Tag Archives: almonds

10 Top brain power foods

I don’t know if these really will increase your brain power, but I don’t see any harm in letting you know about them.

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Please let me know if you have any experience with these.To my knowledge they are all excellent foods nutritionally.

Tony

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Filed under brain, brain function, brain health, Healthy brain

7 Super Fat Burning Foods – Infographic

Although the orientation on this blog has shifted from straight weight loss to outright good health and long life, I thought this was an interesting and useful infographic. Besides the fact that these are ‘fat burning’ foods, they also happen to be wonderful nutritious foods with good calories, not the stuff you get in fast foods or junk foods. To read the other side of the good calories vs. empty calories coin, check out my post – A Love Letter to Hostess Ho Ho’s and Twinkies – NOT.

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Tony

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The Breakfast Nutrient That Keeps You Alert and Calm

vegan proteinAs a bonus, protein-rich foods eaten in the morning help control cravings for fatty foods later in the day. Scientists at the University of Missouri found that those who ate a high-protein breakfast ate 26% fewer calories at lunch than those who ate the same number of calories but lower amounts of protein for breakfast. “Breakfasts that are high in protein also reduce cravings for savory – or high-fat – foods. On the other hand, if breakfast is skipped, these cravings continue to rise throughout the day,” observes Heather Leidy, a nutritionist who was part of the research team.

Our Better Health

Shubhra Krishan  November 27, 2014

What do the following breakfast menus have in common?

  • Coffee and doughnut.
  • Pancakes with syrup.
  • Milk with sweet cereal.

Yes, they are quick to put together and taste good. But if you start feeling irritable and jittery a few hours later, these very foods could be responsible, thanks to the quick blood sugar rise and crash they cause.

That’s because they have one other factor in common: they lack protein.

Protein takes longer for the stomach to digest, so it keeps you feeling satisfied for longer. This in turn helps keep blood sugar levels stable, easing feelings of anxiety and nervousness.

But this nerve-easing benefit goes even further when you eat proteins at breakfast. Researchers at the Franklin Institute explain that a morning meal high in protein raises your brain’s tyrosine levels. This helps your brain produce neurotransmitters called norepinephrine and dopamine, which give you…

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Filed under brain, brain health, neurotransmitters, protein, Uncategorized

14 Great Sources Of Clean Protein

Our Better Health

BY NADYA ANDREEVA     DECEMBER 21, 2013 

Clean protein is harder to come by than you might think. Pesticides, heavy metals, and antibiotics are abundant in almost all factory-produced nonorganic meat, poultry, fish, dairy, and eggs. Fast food joints pump almost all of their items with food flavorings and chemicals to increase shelf life. To avoid all the negative health effects, go for the following foods whenever possible. Make friends with farmers at the closest farmers’ market, read food labels at the stores, and ask questions at the restaurants. You deserve to know where your food is coming from.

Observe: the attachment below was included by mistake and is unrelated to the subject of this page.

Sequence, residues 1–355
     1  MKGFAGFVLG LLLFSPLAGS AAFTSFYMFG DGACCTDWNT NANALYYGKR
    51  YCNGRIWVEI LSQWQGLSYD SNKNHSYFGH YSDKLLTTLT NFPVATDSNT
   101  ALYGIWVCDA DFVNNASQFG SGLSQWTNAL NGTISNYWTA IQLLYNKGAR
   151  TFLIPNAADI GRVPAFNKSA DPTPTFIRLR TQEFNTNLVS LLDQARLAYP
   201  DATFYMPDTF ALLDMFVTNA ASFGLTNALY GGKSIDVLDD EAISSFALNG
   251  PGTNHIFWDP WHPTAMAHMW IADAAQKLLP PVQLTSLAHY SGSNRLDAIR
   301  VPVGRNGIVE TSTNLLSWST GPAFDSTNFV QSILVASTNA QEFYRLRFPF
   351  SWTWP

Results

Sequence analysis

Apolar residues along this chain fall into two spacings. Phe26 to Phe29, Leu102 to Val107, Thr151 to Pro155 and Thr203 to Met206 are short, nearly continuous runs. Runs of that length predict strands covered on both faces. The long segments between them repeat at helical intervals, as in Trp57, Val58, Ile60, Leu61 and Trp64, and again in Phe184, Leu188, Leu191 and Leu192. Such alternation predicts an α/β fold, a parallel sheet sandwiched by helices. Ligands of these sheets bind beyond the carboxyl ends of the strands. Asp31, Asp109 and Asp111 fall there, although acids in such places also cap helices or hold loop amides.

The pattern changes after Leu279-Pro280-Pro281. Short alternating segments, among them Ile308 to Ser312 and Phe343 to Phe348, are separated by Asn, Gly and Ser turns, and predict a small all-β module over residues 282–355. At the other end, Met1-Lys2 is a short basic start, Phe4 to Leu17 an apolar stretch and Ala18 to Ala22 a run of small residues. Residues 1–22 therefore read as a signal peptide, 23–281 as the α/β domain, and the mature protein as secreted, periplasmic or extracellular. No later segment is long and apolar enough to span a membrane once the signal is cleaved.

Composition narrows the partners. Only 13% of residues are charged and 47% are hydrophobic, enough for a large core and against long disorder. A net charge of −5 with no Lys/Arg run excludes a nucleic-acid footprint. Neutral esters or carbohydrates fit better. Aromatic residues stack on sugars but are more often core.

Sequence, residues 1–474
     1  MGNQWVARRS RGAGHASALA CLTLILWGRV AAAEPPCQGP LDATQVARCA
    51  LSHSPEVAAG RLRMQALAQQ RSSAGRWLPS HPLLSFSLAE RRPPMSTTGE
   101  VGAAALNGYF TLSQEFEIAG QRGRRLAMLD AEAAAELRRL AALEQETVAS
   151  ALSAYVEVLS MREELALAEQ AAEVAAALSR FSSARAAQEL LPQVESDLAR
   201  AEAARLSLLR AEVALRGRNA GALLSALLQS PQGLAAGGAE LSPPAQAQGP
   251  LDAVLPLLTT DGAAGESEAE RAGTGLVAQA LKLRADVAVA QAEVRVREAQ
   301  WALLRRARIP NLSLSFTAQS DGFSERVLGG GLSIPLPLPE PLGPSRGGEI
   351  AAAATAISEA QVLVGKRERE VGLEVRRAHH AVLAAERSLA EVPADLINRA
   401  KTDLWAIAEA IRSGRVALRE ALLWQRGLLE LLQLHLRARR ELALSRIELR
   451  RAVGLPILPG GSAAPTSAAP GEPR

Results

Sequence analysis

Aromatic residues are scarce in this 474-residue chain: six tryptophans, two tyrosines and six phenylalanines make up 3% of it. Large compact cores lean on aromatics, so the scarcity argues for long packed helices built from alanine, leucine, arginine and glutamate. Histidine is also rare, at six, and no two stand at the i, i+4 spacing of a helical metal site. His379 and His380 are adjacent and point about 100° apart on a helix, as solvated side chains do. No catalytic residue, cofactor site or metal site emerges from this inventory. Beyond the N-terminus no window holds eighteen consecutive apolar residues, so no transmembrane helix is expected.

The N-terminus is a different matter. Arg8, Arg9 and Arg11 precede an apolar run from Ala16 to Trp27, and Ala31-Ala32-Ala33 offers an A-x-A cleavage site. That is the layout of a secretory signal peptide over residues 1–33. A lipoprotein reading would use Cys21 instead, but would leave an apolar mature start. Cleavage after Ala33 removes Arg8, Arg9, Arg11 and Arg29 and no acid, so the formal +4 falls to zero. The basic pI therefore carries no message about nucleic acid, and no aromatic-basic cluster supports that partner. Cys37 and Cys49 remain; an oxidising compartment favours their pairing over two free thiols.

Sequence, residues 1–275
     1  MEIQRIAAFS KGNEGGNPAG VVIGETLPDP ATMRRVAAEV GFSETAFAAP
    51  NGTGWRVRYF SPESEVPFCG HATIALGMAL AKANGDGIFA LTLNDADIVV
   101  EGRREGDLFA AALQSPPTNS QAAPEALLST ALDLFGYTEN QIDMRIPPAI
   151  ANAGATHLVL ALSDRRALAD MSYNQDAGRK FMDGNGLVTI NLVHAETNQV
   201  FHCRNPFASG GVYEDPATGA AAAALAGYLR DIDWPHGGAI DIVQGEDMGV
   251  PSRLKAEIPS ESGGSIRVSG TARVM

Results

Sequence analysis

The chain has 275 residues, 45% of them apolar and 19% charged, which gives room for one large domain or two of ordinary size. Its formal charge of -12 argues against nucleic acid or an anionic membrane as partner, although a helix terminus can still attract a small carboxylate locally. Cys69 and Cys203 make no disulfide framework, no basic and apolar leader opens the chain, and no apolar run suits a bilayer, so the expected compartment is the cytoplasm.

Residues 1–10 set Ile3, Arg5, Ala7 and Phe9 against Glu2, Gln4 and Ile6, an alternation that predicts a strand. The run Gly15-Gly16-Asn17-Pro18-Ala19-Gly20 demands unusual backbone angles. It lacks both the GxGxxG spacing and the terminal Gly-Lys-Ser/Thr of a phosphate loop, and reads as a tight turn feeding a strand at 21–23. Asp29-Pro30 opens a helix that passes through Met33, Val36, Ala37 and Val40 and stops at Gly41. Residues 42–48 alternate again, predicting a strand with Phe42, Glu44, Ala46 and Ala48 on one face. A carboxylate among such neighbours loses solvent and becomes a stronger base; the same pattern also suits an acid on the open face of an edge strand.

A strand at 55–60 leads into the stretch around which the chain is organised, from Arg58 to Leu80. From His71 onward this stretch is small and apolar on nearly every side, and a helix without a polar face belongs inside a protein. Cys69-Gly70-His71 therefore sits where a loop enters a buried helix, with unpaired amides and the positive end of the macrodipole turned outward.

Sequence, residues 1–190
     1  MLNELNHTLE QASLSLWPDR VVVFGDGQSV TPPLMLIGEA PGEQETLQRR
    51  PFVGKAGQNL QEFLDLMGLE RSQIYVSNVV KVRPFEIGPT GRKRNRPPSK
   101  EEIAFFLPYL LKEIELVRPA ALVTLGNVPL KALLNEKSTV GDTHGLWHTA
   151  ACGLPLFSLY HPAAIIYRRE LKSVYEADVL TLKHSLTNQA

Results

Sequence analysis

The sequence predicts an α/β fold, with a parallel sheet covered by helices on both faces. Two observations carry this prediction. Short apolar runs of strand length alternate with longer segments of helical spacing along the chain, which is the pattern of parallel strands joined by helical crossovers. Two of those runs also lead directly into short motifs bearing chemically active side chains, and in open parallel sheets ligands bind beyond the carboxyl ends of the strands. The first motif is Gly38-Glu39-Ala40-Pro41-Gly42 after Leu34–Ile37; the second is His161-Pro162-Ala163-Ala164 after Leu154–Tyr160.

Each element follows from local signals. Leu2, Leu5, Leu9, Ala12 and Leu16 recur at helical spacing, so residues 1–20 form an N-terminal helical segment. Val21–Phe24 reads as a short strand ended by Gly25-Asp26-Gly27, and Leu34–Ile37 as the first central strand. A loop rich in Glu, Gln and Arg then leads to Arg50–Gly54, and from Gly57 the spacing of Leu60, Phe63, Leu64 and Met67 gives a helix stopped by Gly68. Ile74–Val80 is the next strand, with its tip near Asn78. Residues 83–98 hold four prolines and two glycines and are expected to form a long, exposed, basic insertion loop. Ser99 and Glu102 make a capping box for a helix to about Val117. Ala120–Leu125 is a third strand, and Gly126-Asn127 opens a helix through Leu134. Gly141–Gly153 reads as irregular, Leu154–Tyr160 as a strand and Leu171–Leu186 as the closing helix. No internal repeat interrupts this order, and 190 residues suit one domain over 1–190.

Almonds

Almonds are strongly anti-inflammatory, and are a good source for healthy fats, fiber, and protein. To make almonds easier to digest, soak them overnight and peel the skins. Nuts aren’t a complete protein since they don’t have a full range of amino acids, but they serve as a great…

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Almonds May Lower Heart Disease Risk

The quantity of almonds and muffins provided to each participant varied according to estimations to maintain his or her baseline weight. The muffins were formulated to provide the same number of calories and the same amount of saturated fat (SFA), polyunsaturated fat (PUFA), protein, and fiber as the almonds.

Cooking with Kathy Man

A study published in the British Journal of Nutrition shows that eating almonds daily may improve certain factors associated with heart disease risk.

The randomized, controlled clinical study, conducted by researchers at the University of Toronto, included 27 adult participants (mean age of 64 years) with elevated LDL cholesterol. Participants followed a diet low in saturated fat and cholesterol that also included each of three dietary interventions for four weeks each in a crossover design. Each day for four weeks, researchers gave one group 50–100 g (2–4 oz) of almonds. A control group received 100–200 g of muffins and a third group received 25–50 g (1–2 oz) of almonds plus 50–100 g of muffins. Each participant completed all three dietary treatments, so the total length of the study was 12 weeks.

The quantity of almonds and muffins provided to each participant varied according to estimations to maintain his or her…

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Foods to Eat for a Leaner Body

Another fine food for thought infographic. Never forget that healthy eating is healthy aging.

The only thing missing is coconut oil. Check out Why Should I Try Coconut Oil? for more details.

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Tony

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